coronavirus press briefing and just tried to say something very professional and very self-effacing that he wouldn't want to draw attention

to this incident. Hala.

GORANI: Yes, absolutely. And we're seeing it not just in the U.K. as you mentioned, we're seeing it in other countries, these anti-science, anti-

vaccination, anti-lockdown movements radicalized often times online as well with fake news that they -- keeps getting shared tens of thousands of times

and sometimes more.

Thanks very much for that, Bianca Nobilo. Russia is expected to miss its goal of vaccinating 60 percent of the country by Fall. The Kremlin says

demand for the shots has been lower than expected, despite government efforts to get people inoculated.

Officials say the deadline for achieving their vaccination target will have to be pushed back. So, is it the fault of people not taking the vaccine, or

is it the fault of the government for not rolling out the vaccine program quickly enough? CNN's Matthew Chance is with us from Moscow with more. Hi,


MATTHEW CHANCE, CNN SENIOR INTERNATIONAL CORRESPONDENT: Hi, Hala. Well, it's certainly not the latter. You know, the Russians were the first

people, the first country to approve a vaccine, as you well know for public use back in August last year, Sputnik V. It's just there's been an

extraordinarily low pickup of that vaccines. So there's very high rates of vaccine hesitancy in the country deliver 11 percent approximately that

amount, according to the latest figures of people in the country have had at least one dose of a vaccine, predominantly Sputnik V.

But of course, that's nowhere near enough to -- you know, give people the kind of herd immunity that's needed, especially with the new, you know,

virus strains that are surging through the Russian population, the Delta variant, of course, being the latest one to make a mark here.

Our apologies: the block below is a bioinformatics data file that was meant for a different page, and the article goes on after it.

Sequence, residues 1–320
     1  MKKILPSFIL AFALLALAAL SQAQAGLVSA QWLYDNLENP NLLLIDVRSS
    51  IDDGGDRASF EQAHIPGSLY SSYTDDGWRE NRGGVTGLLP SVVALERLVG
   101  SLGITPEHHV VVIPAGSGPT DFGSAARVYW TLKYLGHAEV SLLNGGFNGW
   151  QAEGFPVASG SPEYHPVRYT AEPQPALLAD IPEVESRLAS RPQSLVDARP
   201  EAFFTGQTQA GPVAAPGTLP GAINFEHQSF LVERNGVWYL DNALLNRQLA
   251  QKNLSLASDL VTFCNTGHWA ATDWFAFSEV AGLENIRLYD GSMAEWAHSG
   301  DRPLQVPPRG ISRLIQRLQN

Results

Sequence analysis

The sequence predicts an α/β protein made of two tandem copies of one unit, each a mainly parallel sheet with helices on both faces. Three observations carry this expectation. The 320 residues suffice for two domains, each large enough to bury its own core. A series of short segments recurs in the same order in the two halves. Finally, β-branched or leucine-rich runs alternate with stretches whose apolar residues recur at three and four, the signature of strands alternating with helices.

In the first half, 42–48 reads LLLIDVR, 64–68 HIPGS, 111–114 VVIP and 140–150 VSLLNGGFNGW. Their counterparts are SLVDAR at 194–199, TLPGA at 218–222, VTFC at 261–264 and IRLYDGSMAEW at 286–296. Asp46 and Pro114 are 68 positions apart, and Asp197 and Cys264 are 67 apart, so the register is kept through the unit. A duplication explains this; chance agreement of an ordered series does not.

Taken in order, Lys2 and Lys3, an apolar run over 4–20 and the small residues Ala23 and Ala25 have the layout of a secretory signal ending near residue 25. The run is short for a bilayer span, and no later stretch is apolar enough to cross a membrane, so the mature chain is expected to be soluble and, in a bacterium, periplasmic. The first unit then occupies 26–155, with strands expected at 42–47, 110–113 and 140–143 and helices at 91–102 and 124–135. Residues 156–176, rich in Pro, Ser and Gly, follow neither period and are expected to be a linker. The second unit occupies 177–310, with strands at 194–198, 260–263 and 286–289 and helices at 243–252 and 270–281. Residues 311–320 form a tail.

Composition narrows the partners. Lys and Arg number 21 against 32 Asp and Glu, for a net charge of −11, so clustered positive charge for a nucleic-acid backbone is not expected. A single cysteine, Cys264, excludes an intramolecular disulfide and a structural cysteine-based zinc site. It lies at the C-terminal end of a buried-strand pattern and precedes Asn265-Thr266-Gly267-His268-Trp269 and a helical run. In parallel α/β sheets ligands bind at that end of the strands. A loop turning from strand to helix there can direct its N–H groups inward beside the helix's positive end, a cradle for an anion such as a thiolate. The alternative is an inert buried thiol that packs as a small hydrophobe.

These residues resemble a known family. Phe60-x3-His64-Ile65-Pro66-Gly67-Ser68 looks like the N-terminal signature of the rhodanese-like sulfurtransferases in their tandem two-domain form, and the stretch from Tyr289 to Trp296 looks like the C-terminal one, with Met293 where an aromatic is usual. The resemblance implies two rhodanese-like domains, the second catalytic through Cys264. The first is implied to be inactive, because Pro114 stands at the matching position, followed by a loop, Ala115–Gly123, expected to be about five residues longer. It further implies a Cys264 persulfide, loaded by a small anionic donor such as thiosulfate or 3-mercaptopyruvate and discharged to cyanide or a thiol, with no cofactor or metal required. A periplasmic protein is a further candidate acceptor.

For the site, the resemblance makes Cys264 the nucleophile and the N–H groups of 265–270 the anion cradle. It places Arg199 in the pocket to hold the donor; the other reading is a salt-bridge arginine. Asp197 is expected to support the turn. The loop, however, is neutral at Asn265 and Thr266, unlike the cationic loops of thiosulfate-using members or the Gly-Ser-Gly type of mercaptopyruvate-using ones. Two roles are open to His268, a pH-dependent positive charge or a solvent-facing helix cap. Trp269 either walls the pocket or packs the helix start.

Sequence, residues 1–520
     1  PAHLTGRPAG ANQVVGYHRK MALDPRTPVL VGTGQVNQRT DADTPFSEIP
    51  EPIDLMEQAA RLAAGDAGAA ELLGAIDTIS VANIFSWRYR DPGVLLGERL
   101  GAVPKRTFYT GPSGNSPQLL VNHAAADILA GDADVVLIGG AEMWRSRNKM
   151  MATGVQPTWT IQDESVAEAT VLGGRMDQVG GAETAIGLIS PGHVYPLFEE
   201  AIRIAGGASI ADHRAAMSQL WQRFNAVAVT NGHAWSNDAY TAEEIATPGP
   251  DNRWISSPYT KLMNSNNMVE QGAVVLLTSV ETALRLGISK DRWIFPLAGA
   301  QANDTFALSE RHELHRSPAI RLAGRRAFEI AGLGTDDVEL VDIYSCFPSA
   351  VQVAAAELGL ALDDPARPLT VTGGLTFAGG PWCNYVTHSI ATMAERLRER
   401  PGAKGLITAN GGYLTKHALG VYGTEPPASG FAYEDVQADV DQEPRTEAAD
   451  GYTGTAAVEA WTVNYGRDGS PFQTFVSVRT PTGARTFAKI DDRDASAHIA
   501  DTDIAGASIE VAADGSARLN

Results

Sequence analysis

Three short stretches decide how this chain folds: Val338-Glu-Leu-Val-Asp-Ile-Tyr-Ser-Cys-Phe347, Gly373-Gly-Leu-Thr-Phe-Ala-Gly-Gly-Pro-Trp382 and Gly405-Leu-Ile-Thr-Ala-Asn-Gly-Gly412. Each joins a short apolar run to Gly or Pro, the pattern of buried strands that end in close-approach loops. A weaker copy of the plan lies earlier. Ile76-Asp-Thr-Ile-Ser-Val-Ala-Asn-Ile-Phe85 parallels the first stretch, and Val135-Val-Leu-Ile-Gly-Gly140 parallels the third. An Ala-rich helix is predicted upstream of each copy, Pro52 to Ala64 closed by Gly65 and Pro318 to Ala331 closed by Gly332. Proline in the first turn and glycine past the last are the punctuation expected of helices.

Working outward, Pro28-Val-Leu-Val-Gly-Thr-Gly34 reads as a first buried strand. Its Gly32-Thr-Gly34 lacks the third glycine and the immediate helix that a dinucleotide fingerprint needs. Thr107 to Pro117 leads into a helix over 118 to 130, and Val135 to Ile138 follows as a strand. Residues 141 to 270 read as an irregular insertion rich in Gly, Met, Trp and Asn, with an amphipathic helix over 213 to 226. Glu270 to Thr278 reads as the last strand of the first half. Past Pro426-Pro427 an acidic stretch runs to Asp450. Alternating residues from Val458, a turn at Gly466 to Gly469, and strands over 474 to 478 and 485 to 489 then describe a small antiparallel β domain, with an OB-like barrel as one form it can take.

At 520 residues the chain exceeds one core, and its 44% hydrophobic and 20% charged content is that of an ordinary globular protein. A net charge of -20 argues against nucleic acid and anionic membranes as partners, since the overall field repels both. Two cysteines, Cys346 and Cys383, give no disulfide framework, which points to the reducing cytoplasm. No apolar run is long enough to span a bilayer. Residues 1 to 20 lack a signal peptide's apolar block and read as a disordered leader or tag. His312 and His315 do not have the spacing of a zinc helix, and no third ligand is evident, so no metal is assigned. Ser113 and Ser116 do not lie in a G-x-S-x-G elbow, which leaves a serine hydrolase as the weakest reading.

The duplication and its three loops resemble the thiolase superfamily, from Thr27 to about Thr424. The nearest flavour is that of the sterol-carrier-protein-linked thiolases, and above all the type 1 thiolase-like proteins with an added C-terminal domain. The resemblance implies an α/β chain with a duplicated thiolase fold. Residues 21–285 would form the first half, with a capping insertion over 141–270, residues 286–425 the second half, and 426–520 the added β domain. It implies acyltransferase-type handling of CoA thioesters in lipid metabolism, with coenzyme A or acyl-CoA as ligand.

And there's been the first admission today from the manufacturers of Sputnik V that the Russian vaccine may not be as effective against the

Delta variant as it is against other variants. So, it's not helping, you know, the fact that, that virus is spreading throughout the population as


It's all being reflected, of course, in the infection rates. We're seeing infection rates at the highest level they've been since the beginning of

the pandemic. Over the course of the past 24 hours, there's an illustration of this across Russia.

More than 650 people have died. That's more than any point in any single 24-hour period since the pandemic began. So, you know, even though we're

sort of -- you know, what is it? A year and a half now nearly into this pandemic in Russia, even though Russia was the first country in the world

to register an effective vaccine for public use and it provides it to its population for free, you're still getting these extraordinary high official



And the real figure could be much higher that that. Official figures when it comes to COVID deaths and COVID infections, Hala.

GORANI: All right, Matthew Chance, our senior international correspondent, live from Moscow.


GORANI (voice-over): We take a turn into the land of the universal football. It's a big day for England, big day, knocking Germany out of Euro

2020. It's a dream for them. And they're keeping their own hopes alive going forward in Euro 2020.

Also how much is a trillion?

Well, it's more than the GDP of the Netherlands or it's the market value of Facebook. More on that whopping figure next.




GORANI: Well, England is having a nice night, a really nice night at Euro 2020. One of the international football's storied rivalries resumed at

Wembley and today it was England's supporters going home happy. England defeated Germany 2-0 at Euro 2020 and they'll meet either Sweden or Ukraine

next. That match is going to start in a little bit.



GORANI: One new member of the U.S. Olympics team is defending a controversial stance she took on the podium. Hammer thrower Gwen Berry

turned away from the flag while "The Star-Spangled Banner" played during the medals ceremony, where she qualified for the Olympic team.

She also covered her head with a T-shirt that said, "Activist athlete."

Athletes are using their platform more and more, you may have noticed over the last several years to speak out about social issues. But Berry is

having to defend herself against critics, saying she never said she hated the U.S. She says, though, that, in this particular instance, she was set

up. Listen to her.


GWEN BERRY, OLYMPIC ATHLETE: No one made any mention or any motion that we would be on the podium or had to be on the podium during the singing of the

national anthem. I want to make that clear.

Coincidently, the national anthem was playing. And they asked us to stand on the podium. And then the anthem played. In that moment, I feel like it